After my amazing trip through the slot canyon, I had heard about this awesome river bend nearby and wanted to go check it out. Why this idea sucked, in no particular order below:
- It was 100 degrees out and the hike to the river bend shot was about a mile across hot rocks/dirt with no shade
- I didn’t realize how close the bend would be from the cliff and how large it would loom in my frame
- See above part about a “cliff” being involved; I have a stark fear of heights
- I had a room at the Bellagio waiting for me at the end of this trip, so the idea of meandering in 100 degree sun in northern Arizona was no longer *that* appealing
- Did I mention how hot it was?
When I got to the river bend, after exactly 1 mile of mental preparation/reinforcement that I was a young, relatively in shape 30-something and was not going to die simply because it was ‘hot outside’ I knew I wouldn’t linger long. I’d get the shot and get back to my Jeep and start the journey into Utah through Zion to Vegas.
I set my pack down and crawled on my stomach on white-hot rocks to the edge of the cliff, at which point I stuck my camera over the edge and snapped a few shots. I checked the result and wasn’t happy, snapped a few more, repeated that for a few rounds and finally got frustrated with: a) hot fucking hot it was on the rocks and b) my 28 wasn’t wide enough to get the entire bend c) the fact that I was on the edge of a sheer 2000 foot drop off d) all of the above.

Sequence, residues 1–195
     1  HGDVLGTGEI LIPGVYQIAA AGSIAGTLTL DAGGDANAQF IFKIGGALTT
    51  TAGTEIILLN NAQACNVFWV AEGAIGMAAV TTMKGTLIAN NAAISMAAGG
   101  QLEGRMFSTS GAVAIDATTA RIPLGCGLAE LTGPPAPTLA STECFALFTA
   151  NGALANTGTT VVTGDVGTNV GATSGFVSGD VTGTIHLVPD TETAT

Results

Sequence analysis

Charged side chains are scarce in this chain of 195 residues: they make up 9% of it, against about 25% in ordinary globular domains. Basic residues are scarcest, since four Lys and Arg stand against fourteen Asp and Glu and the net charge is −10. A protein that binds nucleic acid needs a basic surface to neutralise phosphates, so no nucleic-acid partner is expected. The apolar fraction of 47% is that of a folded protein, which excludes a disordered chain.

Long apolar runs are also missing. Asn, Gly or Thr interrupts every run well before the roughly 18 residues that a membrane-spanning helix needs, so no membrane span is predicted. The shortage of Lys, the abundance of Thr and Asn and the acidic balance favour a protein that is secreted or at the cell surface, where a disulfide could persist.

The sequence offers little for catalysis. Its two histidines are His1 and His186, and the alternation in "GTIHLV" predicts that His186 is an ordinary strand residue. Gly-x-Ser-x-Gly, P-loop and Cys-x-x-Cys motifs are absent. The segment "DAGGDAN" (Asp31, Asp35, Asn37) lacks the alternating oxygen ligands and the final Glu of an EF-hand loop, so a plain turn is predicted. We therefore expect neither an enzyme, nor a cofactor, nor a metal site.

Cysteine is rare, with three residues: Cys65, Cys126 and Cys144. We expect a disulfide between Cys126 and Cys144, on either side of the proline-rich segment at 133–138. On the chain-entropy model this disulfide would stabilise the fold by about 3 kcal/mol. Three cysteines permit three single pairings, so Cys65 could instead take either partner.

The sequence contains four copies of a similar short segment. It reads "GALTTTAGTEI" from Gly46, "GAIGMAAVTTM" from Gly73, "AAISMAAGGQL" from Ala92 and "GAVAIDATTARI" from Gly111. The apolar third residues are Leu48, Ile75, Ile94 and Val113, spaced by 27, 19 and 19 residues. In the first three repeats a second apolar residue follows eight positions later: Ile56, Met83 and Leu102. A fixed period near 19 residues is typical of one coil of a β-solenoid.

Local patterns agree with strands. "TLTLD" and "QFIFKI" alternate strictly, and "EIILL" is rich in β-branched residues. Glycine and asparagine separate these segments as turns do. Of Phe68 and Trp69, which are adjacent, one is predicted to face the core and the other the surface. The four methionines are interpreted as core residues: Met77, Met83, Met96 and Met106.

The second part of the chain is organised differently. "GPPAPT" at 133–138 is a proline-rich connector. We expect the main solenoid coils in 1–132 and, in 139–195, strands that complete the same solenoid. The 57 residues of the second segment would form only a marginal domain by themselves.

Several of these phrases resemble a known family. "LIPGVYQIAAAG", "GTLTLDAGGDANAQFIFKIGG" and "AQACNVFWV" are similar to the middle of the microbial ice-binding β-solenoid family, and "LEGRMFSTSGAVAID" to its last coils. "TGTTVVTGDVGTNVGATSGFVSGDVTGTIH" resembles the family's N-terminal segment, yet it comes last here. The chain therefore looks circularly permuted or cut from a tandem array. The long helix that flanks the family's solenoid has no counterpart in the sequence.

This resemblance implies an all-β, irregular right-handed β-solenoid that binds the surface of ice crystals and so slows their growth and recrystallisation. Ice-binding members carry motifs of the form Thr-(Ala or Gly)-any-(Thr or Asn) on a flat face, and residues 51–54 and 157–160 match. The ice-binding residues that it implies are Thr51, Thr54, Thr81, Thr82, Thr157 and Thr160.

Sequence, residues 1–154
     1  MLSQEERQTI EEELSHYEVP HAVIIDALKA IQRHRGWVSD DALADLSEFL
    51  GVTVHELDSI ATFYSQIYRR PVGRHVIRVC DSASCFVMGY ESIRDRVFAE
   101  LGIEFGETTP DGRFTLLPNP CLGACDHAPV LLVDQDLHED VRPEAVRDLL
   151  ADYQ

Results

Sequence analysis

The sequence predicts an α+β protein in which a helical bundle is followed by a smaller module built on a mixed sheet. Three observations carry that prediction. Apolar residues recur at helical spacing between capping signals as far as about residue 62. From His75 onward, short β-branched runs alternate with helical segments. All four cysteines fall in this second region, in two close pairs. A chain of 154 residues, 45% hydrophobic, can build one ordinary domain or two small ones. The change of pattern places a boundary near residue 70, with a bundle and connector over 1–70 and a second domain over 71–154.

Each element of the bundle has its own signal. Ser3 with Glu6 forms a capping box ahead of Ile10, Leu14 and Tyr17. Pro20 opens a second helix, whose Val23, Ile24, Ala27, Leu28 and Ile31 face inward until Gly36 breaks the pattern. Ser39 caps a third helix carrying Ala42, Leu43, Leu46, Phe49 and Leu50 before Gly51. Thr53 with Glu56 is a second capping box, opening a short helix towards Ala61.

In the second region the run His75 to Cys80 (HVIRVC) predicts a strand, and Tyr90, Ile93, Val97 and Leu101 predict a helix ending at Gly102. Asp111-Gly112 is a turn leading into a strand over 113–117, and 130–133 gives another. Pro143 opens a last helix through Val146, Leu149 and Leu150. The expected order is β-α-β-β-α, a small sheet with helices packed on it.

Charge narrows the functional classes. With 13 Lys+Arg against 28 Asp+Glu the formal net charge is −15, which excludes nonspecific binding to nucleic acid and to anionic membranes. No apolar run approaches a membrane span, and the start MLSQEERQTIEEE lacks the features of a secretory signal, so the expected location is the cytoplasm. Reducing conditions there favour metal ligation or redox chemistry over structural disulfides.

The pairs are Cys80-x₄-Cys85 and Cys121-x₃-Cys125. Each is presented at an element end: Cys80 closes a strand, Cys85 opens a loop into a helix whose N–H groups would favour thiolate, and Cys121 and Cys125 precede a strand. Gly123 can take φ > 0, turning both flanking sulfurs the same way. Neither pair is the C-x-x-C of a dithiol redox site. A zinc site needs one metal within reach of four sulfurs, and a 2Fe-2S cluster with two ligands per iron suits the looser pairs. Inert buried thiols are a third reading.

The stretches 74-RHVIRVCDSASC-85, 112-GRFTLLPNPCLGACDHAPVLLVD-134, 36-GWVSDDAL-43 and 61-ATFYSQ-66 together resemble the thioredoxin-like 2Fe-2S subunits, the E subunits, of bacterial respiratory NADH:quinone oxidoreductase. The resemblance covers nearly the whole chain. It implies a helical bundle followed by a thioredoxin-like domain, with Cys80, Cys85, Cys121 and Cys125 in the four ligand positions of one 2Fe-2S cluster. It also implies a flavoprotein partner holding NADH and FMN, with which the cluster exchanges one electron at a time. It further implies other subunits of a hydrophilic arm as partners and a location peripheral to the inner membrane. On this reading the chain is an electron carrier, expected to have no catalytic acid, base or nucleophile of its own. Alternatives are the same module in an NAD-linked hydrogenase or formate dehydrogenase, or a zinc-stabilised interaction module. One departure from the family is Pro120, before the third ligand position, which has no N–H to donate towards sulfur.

I quickly scrunched back to my pack, changed out to the fisheye, crawled back out to the edge and fired off several shots.
“I WILL FIX IT AND CROP IT IN POST I NEED TO GET OFF THIS CLIFF BEFORE I PASS OUT.”
Know what happens when you switch from a 28-300 lens to a fisheye on manual settings? I was able to only kind of salvage this image into the one you see up top.
I didn’t really want to be there, the conditions were terrible and I am pretty sure walking back to my car uphill in the heat I died and am now blogging from the afterlife.
It was a nice view, but would that I could have fast-forwarded the day six hours I think it would have ended up being a much more pleasant experience though I did make the best of it. My biggest lesson was learned when I saw how blown out these shots were – I had totally forgotten about re-calibrating the settings when I switched lenses – the elements of nature were making things pretty stressful for me, resulting in totally crappy shots.